> the gamestate to simulate the effect of a change having been made
> retroactively (e.g. when we ratify something), but they don't actually
> change what was going on in the past.
> 
> A CFJ, meanwhile, doesn't change what was going on in the past, but it
> does clarify. The aim of the CFJ process is to determine /what actually
> happened/. Anything that politicises CFJs simply makes them less good at
> determining what happened, but it doesn't actually change the past.
> 
> I mean, if it did change the past, it'd be pretty trivial to get a
> paradox out of it.
> 
> 
> Using the mechanism in Rule 2437, I cause rule 2437 to set the
> recommended judgement of every Brief in the current Moot to TRUE. (Such
> Moots are, unless you're using Eritivus' interpretation, entities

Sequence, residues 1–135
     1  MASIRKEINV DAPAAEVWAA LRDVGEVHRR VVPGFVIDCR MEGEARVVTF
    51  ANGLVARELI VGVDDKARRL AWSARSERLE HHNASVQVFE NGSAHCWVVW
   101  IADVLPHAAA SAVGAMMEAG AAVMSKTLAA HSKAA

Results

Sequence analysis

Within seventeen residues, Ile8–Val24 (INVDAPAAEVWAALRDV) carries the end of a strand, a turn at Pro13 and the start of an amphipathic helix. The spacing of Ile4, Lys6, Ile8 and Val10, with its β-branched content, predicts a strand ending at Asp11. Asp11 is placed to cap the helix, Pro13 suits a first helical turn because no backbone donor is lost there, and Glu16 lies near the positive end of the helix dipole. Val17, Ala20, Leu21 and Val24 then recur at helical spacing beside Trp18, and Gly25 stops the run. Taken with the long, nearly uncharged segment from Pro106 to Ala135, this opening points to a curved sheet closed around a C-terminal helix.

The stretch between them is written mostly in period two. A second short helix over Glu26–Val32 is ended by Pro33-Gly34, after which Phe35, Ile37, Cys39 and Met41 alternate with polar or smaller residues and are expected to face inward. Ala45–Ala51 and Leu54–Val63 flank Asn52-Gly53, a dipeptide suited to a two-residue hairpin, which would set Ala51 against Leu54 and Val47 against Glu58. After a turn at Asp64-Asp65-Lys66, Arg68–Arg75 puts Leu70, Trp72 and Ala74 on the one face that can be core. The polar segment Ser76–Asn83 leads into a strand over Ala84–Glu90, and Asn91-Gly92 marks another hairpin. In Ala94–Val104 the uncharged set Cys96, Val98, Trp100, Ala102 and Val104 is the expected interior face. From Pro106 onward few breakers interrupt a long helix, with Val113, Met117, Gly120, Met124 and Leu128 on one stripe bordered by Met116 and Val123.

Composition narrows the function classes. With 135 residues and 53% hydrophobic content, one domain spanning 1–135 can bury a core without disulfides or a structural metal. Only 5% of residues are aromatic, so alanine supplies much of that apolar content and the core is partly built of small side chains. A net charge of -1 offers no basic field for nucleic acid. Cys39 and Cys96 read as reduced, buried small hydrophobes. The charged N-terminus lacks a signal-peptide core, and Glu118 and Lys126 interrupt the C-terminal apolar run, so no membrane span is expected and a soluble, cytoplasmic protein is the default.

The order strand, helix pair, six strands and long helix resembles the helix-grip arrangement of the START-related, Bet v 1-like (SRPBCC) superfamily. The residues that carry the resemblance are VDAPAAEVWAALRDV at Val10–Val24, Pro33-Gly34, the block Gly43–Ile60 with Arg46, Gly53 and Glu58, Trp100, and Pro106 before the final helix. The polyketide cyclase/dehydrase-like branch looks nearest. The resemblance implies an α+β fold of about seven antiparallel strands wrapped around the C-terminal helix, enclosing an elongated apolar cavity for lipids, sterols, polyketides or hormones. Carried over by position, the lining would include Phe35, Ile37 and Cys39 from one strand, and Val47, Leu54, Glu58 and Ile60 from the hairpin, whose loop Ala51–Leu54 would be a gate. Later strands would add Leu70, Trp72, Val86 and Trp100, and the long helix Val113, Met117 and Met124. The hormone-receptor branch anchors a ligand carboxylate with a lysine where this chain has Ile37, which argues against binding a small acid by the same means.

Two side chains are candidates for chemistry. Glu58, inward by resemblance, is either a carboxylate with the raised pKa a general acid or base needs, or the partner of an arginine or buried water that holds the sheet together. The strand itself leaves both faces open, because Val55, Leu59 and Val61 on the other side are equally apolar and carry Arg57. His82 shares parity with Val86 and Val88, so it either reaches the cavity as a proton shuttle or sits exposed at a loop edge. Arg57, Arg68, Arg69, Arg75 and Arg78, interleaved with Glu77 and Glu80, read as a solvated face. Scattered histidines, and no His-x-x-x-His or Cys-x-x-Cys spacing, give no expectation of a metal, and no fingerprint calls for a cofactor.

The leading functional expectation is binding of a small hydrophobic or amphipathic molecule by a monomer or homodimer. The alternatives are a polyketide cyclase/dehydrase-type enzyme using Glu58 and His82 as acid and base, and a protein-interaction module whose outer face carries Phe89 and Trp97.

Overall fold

> pertaining to the PoA; and the recommended judgement is a property of
> them.)
> 
> 
> There are a few possible interpretations of what that action just did.
> With my view on matters, what it does is to cause the CFJ to have to be
> decided TRUE, while its statement is actually FALSE; in other words, it
> simply causes us to have a gamestate that doesn't correspond to the
> judgement. And there's nothing wrong with that! Our current CFJ process
> is pretty bad at finding appropriate judgements in case of appeal.
> 
> If we treat this with the "house rules" intepretation, though, what I've
> just done is (when the CFJ is resolved) to cause a situation in which I
> retroactively caused omd's dictatorship to work, which will
> retroactively cause my action to fail, which will retroactively cause
> omd's dictatorship to fail, etc. The resulting paradox means that
> resolving the Moot is illegal (because it causes the result of the Moot
> to become indeterminate). Sadly, I no longer get a win, because we
> repealed wins for paradoxes. (Unless people would want to give me a win
> by proposal?)
> 
> I think I know which interpretation is more sensible.

No, the "House Rules" would not let us move on.  Another CFJ would be